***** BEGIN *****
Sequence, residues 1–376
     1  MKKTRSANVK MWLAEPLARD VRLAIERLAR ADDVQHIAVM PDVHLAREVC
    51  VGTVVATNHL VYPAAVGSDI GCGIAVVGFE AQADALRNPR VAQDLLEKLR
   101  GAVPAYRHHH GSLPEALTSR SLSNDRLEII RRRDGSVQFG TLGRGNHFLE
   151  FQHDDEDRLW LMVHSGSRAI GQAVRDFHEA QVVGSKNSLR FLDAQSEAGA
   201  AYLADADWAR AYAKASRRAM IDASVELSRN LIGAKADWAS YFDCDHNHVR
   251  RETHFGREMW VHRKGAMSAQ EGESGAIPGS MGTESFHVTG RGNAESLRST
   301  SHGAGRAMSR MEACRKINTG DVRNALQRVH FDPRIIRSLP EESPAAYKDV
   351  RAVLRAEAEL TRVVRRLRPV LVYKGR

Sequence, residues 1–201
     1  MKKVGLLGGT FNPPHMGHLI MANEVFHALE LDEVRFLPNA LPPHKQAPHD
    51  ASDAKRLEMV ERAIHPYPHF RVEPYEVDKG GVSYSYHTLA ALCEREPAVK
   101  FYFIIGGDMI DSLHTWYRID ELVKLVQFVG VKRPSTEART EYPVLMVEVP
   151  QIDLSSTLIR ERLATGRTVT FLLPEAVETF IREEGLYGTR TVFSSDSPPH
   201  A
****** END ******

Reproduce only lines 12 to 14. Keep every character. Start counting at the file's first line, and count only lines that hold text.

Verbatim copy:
    51  ASDAKRLEMV ERAIHPYPHF RVEPYEVDKG GVSYSYHTLA ALCEREPAVK
   101  FYFIIGGDMI DSLHTWYRID ELVKLVQFVG VKRPSTEART EYPVLMVEVP
   151  QIDLSSTLIR ERLATGRTVT FLLPEAVETF IREEGLYGTR TVFSSDSPPH